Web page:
7. National Advanced Drilling and Excavation Technologies Institute. Status report, March 1997

    SciTech Connect

    Peterson, C.

    1997-12-31

    The National Advanced Drilling and Excavation Technologies (NADET) program is intended to pool support, talent, and technologies of the industries dependent upon drilling and excavation technologies to initiate, coordinate, and sustain programs capable of developing substantial technological advances. The NADET Institute has been funded by the DOE Office of Geothermal Technologies and is now supporting seven projects aimed at advanced geothermal drilling technologies. The Institute seeks to broaden its base of funding and technological support from both government and industry sources. Encouraging progress has been made with the support of dues-paying industrial members and industrial sponsorship of a substantial drilling research study.

  8. Baseline data on forest loss and associated uncertainty: advances in national forest monitoring

    NASA Astrophysics Data System (ADS)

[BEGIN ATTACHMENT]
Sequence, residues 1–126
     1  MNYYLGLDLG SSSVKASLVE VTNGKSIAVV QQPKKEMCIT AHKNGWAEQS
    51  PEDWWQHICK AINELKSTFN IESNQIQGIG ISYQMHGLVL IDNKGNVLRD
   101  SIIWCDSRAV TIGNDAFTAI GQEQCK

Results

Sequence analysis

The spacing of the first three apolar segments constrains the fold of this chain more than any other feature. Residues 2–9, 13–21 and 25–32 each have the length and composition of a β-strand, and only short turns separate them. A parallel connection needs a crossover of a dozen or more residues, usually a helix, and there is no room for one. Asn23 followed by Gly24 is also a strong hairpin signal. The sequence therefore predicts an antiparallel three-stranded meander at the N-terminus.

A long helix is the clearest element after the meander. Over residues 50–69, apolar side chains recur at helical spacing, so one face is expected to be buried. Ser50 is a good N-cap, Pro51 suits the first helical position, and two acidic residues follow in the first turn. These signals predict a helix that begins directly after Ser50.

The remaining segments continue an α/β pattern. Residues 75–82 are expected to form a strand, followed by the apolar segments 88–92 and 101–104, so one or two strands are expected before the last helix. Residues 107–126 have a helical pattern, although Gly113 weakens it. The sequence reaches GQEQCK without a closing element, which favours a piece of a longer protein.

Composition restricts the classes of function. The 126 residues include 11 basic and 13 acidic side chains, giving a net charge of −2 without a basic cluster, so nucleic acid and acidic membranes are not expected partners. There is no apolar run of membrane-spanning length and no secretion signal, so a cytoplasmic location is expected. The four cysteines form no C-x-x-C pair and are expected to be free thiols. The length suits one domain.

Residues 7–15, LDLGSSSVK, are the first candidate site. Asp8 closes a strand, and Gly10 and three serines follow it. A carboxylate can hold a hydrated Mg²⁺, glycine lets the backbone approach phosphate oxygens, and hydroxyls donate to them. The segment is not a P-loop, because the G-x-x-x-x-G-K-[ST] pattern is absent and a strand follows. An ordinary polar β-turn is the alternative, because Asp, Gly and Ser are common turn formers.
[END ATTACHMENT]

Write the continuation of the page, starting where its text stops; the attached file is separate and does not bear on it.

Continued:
Pelletier, Johanne; Goetz, Scott J.

    2015-02-01

    Countries participating in climate change mitigation via the United Nations Framework Convention on Climate Change reducing emissions from deforestation and forest degradation mechanism are required to establish national forest monitoring systems. The design of national forest monitoring system includes provision of transparent, consistent and accurate estimates of emissions and removals from forests, while also taking into account national circumstances and capabilities. One key component of these systems lies in satellite remote sensing approaches and techniques to determine baseline data on forest loss against which future rates of change can be evaluated. Advances in approaches meeting these criteria for measuring, reporting and verification purposes are therefore of tremendous interest. A robust example advancing such approaches, focused on Peru, is provided in the recent paper of Potapov et al (2014 Environ. Res. Lett. 9 124012).

  9. Application of advanced seismic reflection imaging techniques to mapping permeable zones at Dixie Valley, Nevada. Final technical report

    SciTech Connect

    1998-02-18